By Ameer Ali –
I was in Sri Lanka a couple of weeks ago and had the opportunity to travel through Bandarawela, a unique destination for eco-tourists. Even during the colonial period Bandarawela with its semi-temperate climate was the main holiday destination for the foreign masters. Its reputation as a relaxing holiday resort in beautiful Sri Lanka still remains undiminished. What a paradise?
However, I was shocked to see the irreparable damage caused to the town’s water supply by the so called Uma Oya project – a project politically motivated, dubiously designed and hastily executed by the former regime. Although the economic motive was to divert water from the Uma Oya and Kirindi Oya rivers to the dry lands in Hambantota, the birth place of the former president, a lack of proper assessment of the project’s side effects has proved disastrous to Bandarawela. There is nothing wrong in irrigating lands in the dry zone with excess water available in other parts of the country. In the medieval times Sri Lanka was a shining example of a hydraulic civilization.
But mega irrigation projects should be designed in the light of a strict cost-benefit analysis. The cost should include not only the financial cost but also, and more importantly, the environmental cost. Just because a foreign country, and in this case Iran, has agreed to fund the project it should not be undertaken without proper feasibility study. The callous indifference shown towards the environment by the Uma Oya project has not only deprived Bandarawela of its natural water supply but also has caused structural damage to thousands of residential and commercial buildings. Substandard engineering work is definitely to be blamed. But ultimately the buck stops with the government in power.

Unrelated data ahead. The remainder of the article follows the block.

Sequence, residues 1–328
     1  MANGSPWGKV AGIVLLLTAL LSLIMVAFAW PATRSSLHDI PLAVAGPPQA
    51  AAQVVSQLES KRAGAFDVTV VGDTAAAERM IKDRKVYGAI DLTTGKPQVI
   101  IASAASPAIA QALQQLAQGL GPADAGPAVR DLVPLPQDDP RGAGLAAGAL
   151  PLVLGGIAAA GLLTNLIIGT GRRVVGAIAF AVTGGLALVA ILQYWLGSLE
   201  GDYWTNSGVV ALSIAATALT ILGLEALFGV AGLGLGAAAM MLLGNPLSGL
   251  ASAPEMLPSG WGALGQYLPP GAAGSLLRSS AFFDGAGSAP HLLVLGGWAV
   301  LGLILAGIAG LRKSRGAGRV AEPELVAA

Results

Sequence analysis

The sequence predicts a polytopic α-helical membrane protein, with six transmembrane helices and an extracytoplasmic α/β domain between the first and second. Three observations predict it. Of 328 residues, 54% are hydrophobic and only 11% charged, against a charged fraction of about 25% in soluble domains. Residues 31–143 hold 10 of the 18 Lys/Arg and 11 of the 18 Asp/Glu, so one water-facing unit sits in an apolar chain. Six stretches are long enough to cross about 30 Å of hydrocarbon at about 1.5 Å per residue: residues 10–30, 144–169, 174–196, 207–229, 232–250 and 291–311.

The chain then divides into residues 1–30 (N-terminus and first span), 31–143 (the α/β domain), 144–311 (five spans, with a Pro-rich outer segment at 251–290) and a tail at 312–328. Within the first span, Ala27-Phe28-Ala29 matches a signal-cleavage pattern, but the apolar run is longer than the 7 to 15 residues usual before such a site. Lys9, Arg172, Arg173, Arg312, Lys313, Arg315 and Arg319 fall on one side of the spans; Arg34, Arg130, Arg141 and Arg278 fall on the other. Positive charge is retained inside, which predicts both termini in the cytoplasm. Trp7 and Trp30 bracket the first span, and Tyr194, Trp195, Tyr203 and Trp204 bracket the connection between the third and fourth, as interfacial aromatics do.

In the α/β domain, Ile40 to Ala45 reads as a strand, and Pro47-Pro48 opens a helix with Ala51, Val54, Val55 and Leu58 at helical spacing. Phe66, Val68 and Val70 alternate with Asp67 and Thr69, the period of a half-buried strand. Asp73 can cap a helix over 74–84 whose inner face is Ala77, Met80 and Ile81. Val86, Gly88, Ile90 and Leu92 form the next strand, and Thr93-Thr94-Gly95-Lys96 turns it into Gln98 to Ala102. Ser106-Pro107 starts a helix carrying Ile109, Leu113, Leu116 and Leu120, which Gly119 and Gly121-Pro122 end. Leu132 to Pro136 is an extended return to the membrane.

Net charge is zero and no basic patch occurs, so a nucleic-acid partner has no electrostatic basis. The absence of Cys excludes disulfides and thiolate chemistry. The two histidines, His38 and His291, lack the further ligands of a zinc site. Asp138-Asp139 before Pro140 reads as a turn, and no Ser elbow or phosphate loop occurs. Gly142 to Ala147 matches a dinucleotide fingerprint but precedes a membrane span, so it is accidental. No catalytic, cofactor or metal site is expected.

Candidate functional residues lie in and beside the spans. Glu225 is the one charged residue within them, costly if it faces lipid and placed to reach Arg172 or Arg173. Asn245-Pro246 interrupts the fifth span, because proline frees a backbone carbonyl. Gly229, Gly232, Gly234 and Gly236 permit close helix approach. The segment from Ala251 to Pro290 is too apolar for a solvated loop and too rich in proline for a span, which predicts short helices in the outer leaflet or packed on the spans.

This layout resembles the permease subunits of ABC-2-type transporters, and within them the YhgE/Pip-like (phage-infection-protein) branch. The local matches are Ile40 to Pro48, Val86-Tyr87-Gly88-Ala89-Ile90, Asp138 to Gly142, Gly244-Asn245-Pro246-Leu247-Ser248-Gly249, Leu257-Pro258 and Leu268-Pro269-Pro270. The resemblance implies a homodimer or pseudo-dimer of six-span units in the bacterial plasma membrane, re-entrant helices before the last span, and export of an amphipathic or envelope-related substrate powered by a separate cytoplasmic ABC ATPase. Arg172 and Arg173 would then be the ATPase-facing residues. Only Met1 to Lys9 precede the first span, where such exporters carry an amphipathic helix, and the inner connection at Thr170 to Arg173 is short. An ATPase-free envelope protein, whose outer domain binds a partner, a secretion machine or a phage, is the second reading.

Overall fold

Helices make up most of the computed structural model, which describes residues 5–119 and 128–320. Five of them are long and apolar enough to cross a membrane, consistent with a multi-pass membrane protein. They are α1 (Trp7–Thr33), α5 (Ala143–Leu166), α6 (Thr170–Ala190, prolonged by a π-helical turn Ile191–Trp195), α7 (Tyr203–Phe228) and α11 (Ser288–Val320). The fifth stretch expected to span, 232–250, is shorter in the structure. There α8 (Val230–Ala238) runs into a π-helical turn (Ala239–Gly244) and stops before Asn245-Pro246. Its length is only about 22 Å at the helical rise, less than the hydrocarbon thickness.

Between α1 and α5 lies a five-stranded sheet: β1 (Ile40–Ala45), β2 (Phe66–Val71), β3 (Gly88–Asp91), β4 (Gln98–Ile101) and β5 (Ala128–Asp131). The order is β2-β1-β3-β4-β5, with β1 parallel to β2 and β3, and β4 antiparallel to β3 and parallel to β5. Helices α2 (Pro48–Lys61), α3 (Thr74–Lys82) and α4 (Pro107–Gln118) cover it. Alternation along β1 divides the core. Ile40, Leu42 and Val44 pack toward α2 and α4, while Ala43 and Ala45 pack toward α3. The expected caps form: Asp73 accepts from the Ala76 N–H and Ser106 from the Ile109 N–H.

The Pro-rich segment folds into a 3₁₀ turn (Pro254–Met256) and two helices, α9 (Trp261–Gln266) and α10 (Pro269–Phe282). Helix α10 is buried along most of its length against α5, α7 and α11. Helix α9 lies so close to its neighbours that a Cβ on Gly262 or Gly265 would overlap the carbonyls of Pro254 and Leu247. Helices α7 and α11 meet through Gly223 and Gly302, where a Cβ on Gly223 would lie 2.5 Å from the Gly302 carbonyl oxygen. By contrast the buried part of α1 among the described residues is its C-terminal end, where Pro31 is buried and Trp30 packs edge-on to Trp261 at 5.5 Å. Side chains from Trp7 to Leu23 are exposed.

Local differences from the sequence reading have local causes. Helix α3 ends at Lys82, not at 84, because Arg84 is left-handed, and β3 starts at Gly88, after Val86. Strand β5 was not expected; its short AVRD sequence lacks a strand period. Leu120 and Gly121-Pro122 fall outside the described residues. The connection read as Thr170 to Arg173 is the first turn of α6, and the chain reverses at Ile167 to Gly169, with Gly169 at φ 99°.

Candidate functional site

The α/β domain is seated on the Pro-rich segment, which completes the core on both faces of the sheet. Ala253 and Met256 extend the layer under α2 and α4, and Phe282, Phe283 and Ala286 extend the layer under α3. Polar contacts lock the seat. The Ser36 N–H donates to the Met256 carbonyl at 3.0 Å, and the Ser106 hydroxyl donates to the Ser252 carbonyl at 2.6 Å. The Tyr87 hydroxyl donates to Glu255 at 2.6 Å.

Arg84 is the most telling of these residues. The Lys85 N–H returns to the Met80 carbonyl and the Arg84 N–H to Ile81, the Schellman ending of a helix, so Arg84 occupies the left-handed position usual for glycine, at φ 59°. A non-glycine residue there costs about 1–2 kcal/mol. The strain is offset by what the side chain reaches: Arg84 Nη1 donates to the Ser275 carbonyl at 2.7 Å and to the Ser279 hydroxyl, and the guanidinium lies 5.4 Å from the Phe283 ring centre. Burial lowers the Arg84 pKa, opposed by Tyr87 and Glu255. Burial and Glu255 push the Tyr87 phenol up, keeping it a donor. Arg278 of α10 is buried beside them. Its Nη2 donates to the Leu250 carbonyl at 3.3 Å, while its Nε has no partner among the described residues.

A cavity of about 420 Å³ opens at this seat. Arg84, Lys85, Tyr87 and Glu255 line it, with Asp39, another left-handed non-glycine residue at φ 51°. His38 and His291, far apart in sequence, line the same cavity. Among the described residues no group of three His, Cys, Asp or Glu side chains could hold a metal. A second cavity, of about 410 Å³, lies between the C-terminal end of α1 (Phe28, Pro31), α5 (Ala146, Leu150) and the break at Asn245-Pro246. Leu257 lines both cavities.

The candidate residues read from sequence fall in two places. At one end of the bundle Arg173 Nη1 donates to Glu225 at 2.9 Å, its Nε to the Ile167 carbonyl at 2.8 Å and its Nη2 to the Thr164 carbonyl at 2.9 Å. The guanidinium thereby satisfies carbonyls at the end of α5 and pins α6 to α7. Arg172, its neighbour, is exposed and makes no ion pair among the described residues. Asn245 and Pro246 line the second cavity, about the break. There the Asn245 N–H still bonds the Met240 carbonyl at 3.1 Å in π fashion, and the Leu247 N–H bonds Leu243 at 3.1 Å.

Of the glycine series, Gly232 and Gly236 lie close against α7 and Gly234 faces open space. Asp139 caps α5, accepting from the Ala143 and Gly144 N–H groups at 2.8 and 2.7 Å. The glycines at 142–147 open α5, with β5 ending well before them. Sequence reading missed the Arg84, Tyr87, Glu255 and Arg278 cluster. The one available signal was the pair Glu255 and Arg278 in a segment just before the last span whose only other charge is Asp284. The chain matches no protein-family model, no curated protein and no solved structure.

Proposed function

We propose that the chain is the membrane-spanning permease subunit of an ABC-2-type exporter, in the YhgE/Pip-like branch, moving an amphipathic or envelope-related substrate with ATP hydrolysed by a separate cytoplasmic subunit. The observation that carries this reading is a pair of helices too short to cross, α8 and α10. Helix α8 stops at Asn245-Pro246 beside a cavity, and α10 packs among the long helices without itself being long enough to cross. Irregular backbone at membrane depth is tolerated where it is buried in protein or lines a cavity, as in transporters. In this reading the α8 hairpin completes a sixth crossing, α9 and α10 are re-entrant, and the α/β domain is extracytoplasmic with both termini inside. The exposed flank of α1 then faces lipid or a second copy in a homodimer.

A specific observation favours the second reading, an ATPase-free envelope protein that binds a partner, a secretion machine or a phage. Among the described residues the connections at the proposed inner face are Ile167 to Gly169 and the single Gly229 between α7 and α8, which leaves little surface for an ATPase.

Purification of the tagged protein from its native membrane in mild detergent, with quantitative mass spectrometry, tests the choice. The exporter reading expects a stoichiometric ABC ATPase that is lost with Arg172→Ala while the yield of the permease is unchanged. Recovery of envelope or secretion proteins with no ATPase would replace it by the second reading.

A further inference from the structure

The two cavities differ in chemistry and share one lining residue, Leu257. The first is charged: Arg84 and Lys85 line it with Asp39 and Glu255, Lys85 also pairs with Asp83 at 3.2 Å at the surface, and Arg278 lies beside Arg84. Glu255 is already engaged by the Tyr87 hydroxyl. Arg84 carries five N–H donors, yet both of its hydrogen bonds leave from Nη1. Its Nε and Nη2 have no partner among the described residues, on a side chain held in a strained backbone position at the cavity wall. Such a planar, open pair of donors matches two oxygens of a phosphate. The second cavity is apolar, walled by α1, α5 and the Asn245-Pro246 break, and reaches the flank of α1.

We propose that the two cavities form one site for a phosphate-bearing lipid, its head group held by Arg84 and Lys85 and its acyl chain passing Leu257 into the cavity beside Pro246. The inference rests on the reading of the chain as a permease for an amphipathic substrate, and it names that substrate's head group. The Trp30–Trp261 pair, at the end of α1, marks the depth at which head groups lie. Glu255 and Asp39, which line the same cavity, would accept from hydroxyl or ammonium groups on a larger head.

I was visiting a house in the town, which is more than one hundred years old and occupied by an acting judge. It was actually more than a house and resembled a magnificent repository for some rare legal records systematically arranged and displayed. The building and its contents are of immense historical value. Shockingly, the floor of the house, its walls and ceilings are all cracked and even the bed room of the occupants is massively damaged. They were not just hair line cracks which could be patched up but massive cleavages threatening total collapse at any time. This seems to be the fate of hundreds of other houses and buildings, new and old.
The current government, although is not directly responsible to this disaster, is nevertheless answerable to the Bandarawela citizens. One should not forget that President Maithripala Sirisena was also a senior member of the Rajapaksa cabinet. Environmental neglect, when designing and executing megaprojects in the name of development, and the consequent damage caused by such projects to individuals, families and buildings cannot be ignored simply by throwing a few million rupees as compensation to the victims. Restoring Bandarawela’s water supply and rebuilding the damaged structures will certainly involve substantial outlays. Will the authorities provide proper justice to the victims of this town?
In a regime where the independence of judiciary is not guaranteed it is doubtful whether the citizens of Bandarawela will receive adequate compensation from the politicians. Like the ‘Garbage Debacle’ the Uma Oya disaster is also man-made and demand class action.
Dr. Ameer Ali, School of Business and Governance, Murdoch University, Western Australia